A family of longtime Beaufort County landholders says attempts to protect the Okatie River headwaters are coming late -- and at its expense -- after its request to rezone 142 acres to allow more development was rebuffed yet again by a county committee.
In the past decade, John, Robert and Paul Graves have made several requests for zoning that would allow more development on family-owned land west of Berkeley Hall and north of U.S. 278. Monday, the Beaufort County Council Natural Resources Committee denied the cousins' request to change the zoning designation from rural to regional commercial and suburban zoing districts.
"You can't save the county with 142 acres. It's not going to make that much difference," John Graves said, citing residential and commercial development nearby. "We're sitting with all these big things all around us."
Committee members conceded the family has been a good caretaker of the land it has owned for more than 136 years. Nonetheless, they voted unanimously to recommend the full council deny the request.
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The committee followed the lead of the county staff -- both said rezoning would bring more traffic to U.S. 278 and more development that might further degrade the Okatie headwaters which lie adjacent to the Graves tract. The river was listed as impaired in 1995 and closed to shellfishing, according to the S.C. Department of Health and Environmental Science."Historically the Graves have been great stewards for that entire area," committee chairman Paul Sommerville said. "But I have to look at it as a representative of Beaufort County -- what's the worst that could happen under the proposed zoning?"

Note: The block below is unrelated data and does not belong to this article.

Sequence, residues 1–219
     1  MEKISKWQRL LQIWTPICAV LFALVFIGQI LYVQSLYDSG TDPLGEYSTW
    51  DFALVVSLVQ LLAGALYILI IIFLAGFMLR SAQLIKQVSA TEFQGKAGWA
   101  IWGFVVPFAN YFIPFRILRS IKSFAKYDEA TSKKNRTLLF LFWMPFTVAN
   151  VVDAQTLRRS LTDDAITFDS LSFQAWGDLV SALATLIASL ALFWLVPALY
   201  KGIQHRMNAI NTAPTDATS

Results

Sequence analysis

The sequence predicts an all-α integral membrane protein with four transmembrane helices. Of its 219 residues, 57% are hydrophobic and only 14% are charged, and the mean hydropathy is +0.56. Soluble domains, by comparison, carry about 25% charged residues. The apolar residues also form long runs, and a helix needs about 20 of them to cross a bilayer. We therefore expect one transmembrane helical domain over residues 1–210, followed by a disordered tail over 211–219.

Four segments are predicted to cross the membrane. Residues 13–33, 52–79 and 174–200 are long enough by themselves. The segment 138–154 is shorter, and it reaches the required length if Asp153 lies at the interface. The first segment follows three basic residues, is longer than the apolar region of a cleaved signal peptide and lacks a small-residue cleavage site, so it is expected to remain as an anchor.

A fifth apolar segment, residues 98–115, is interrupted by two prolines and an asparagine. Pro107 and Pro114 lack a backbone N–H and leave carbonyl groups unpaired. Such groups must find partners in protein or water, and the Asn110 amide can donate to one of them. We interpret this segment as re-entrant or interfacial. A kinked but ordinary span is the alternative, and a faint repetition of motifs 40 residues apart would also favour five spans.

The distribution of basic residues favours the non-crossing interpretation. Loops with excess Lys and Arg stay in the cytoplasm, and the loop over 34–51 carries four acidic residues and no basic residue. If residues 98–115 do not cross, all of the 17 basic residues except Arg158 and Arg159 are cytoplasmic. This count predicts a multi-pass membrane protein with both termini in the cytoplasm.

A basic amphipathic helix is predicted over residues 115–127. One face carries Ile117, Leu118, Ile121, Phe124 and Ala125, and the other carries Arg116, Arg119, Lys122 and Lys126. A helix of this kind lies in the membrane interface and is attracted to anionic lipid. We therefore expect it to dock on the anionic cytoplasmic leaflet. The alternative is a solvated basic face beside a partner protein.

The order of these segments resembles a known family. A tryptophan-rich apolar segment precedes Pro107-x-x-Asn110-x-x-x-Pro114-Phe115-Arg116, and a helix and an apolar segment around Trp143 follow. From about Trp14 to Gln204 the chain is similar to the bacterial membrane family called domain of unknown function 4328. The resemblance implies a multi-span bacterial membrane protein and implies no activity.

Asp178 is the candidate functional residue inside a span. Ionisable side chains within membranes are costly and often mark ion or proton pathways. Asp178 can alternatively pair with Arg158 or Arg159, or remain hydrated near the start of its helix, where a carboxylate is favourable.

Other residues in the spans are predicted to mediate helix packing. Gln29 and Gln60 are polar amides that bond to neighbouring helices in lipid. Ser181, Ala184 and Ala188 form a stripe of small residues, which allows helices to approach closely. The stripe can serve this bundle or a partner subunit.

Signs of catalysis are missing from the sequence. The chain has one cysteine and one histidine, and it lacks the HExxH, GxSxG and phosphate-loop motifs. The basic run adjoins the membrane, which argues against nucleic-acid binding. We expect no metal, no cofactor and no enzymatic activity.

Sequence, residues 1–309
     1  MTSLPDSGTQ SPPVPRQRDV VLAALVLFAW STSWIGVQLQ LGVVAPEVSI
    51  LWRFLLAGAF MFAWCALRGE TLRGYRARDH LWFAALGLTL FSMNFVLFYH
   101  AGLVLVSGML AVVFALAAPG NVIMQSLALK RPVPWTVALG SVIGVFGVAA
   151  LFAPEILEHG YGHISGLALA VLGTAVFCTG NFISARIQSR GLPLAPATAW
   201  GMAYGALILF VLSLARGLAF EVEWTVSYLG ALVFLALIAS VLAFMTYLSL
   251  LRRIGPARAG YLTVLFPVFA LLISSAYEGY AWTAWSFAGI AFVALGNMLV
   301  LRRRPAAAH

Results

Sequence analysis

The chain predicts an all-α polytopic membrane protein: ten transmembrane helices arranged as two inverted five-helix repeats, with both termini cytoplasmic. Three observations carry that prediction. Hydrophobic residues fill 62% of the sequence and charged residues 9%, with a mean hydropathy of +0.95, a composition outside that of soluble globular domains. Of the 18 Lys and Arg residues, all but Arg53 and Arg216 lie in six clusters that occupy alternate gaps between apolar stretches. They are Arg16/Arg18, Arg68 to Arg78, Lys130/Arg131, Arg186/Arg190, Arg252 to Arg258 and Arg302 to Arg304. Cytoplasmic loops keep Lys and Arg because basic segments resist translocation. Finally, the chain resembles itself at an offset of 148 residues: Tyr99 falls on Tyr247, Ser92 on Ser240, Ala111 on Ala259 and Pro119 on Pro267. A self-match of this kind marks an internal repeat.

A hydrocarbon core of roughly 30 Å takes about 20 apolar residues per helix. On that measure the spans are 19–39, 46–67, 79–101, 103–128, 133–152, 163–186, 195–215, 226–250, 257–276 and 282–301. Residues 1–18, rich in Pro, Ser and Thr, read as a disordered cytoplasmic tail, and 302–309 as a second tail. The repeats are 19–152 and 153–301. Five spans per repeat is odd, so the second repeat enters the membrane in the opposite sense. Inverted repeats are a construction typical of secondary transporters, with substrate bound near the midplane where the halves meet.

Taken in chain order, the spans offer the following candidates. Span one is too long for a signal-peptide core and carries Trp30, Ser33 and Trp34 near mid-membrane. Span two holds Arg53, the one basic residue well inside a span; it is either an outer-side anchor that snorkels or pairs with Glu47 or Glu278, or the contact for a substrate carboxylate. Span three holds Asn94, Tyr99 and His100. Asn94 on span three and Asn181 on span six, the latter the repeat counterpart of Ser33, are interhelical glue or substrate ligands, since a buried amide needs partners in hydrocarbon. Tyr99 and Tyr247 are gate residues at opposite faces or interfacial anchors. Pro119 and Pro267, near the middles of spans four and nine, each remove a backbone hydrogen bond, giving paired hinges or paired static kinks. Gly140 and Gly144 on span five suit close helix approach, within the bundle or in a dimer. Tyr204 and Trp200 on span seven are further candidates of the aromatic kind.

The recommendations will be forwarded to County Council, and Robert Graves said after the meeting he isn't optimistic about the group approving the request.Staff said under current restrictions, about 57 houses and less than 5,000 square feet of retail or office space could be built. If the proposal were approved, as many as 428 houses could be built, and 21 acres of commercial regional zoning would allow developments such as big-box stores or car dealerships.
Submitting a development plan with a zoning request isn't required, but committee member Steven Baer said one might help their case.
"We don't vote for financial blank checks," he said. "I can't vote a zoning blank check on this."
The Graves, however, say they have no immediate plans to develop the property and only want the option to do so in the future. The denial punishes the family for other developments in the area, which includes a car dealership nearby, the Gravses attorney Jim Schieder said.
"This is a unique piece of property, and these men are trying to vet for future generations," he said. "We're here for a rezoning, trying to figure out what's best for the Graves, the county and the river."